Because of time constraints and the desire to get the business, subcontractors and suppliers routinely sign lengthy subcontracts and master service agreements without closely reading the terms and conditions.  Below are some clauses that every subcontractor and supplier should review in a contract.

1. Payment Conditions – You should minimize and narrow preconditions to receiving payment.  For example, you should strike any clause that makes your payment contingent on your customer getting paid (aka “Pay if Paid” clauses).  Even more harmless preconditions (e.g., submitting certain paper work, invoice requirements) deserve scrutiny because you should ensure they are practical and that you understand how to comply with them, so there is no delay in payment.

2. Change Orders – The contract should define circumstances (especially for unforeseen events) in which you may receive a change order providing additional time and/or pay for work under certain circumstances.  The more circumstances that allow change orders, the better from a subcontractor’s point of view.  Some common examples include: owner or designer change of opinion or preference; code changes; unexpected weather conditions; change in the owner’s available funding; and design error or omission.

3. Termination – Most contracts differentiate between termination for cause and termination for convenience. Naturally each party wants broad discretion to terminate the contract, but  would prefer the other party have narrow discretion to terminate the contract.  It is best for all parties if “cause” is clearly defined to mean certain specific events.  The termination clause should also clearly identify how much money you will be paid if the contract is terminated for convenience or for cause.  The termination for cause provision should provide a right to cure the problem before the contract may be terminated.

4. Indemnity – Subcontracts or MSAs almost always require subcontractors and suppliers to indemnify the contractor from damages arising from various claims. Such indemnities frequently shift a substantial amount of the risk to subcontractors and suppliers.  Indemnities are very complicated and there is not a one size fits all approach.  But as a general rule, look for mutuality and strike one sided indemnity clauses, especially where the subcontractor is indemnifying the contractor for its own negligence and the contractor is not indemnifying the subcontractor for anything.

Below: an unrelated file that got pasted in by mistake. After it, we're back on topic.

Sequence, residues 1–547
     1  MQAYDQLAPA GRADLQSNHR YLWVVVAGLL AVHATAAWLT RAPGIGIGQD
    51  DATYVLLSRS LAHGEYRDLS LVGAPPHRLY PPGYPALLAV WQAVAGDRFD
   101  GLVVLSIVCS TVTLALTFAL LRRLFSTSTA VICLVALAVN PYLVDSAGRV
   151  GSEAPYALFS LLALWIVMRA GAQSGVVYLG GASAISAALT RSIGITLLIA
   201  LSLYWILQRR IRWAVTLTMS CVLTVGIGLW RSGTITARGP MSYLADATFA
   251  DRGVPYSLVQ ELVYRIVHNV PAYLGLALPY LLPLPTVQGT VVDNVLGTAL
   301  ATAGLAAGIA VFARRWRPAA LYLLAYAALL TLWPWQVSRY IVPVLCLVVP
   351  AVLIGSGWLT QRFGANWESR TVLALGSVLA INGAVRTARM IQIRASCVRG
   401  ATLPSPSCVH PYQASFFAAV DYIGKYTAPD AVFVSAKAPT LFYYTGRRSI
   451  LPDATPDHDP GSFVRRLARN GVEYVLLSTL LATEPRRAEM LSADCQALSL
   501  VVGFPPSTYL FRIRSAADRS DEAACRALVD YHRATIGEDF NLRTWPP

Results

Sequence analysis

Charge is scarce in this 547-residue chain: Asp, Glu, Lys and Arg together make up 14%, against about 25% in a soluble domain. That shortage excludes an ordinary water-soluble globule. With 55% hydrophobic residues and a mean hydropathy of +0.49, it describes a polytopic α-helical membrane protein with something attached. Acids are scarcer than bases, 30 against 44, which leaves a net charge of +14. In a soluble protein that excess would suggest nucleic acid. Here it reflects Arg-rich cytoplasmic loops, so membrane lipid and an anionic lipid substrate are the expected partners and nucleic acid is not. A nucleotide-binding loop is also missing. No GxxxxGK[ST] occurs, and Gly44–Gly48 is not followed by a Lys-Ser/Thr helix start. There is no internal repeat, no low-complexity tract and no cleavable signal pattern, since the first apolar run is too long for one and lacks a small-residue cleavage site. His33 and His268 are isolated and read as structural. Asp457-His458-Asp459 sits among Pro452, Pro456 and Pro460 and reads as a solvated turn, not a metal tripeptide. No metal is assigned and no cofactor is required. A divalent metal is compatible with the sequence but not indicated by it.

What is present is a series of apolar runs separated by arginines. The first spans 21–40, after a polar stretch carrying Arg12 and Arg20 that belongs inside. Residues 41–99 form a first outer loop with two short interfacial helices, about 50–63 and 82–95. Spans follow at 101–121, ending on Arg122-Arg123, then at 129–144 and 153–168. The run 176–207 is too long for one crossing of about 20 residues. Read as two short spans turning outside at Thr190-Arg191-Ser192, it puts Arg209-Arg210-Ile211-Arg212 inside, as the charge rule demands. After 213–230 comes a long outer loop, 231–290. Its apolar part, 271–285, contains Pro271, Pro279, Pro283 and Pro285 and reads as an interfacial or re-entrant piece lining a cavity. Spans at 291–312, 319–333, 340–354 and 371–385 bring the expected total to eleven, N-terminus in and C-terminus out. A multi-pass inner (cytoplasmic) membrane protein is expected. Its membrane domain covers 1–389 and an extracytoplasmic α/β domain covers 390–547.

5. Warranties – Subcontractors are generally required to warrant that the work performed is free of material defects and has been performed in a workmanlike manner for some period of time after completion. As a general rule of thumb, take care that the warranty language does not go beyond what you actually did.  Also, review the time period covered by the warranty obligation (3 months, 12 months, etc.) and what the remedy is in the event of a defect.

6. Limitations on Liability – Subcontractors and suppliers should negotiate for a broad waiver of consequential damages (e.g., lost profits, business interruption, etc.) and punitive damages.  These clauses protect subcontractors and suppliers from unforeseeable and uncontrollable damages.  In addition, consider requesting a cap on liability (e.g. contract price, contract multiple, a fixed dollar amount, or equal to insurance limits).

7. Flow down – Many subcontracts contain clauses which impose the terms and conditions of the prime contract on the subcontractor.  If you see such a clause, then request a copy of the prime contract so you know what you are agreeing to.

8. Arbitration – Many construction contracts and Master Service Agreements require arbitration clauses.  Arbitration by itself is not disadvantageous for a subcontractor or supplier, but there are many nuanced provisions that should be considered, such as, the scope of the clause, the procedural rules that will govern the arbitration, the number and selection of arbitrators.

9. Lien Waivers – Although in some instances, mechanic’s and materialmen’s lien waivers cannot be enforced, subcontractors and suppliers should always strike lien waiver clauses.  Waiving the right to perfect and enforce lien and bond claims can have a ripple effect and cost a subcontractor money in the long run.

10. Choice of Law and Venue – Master Service Agreements and even subcontracts may choose a law or venue unrelated to the project.  Always review governing law and venue clauses to avoid unintended consequences and being pulled into an unfavorable jurisdiction.

Every clause in a construction contract is important and warrants your attention.  Once you sign a contract, you are obligated to follow every word of it – it is important to understand your rights and obligations before you sign on the dotted line.  And in many cases, it is wise to retain counsel.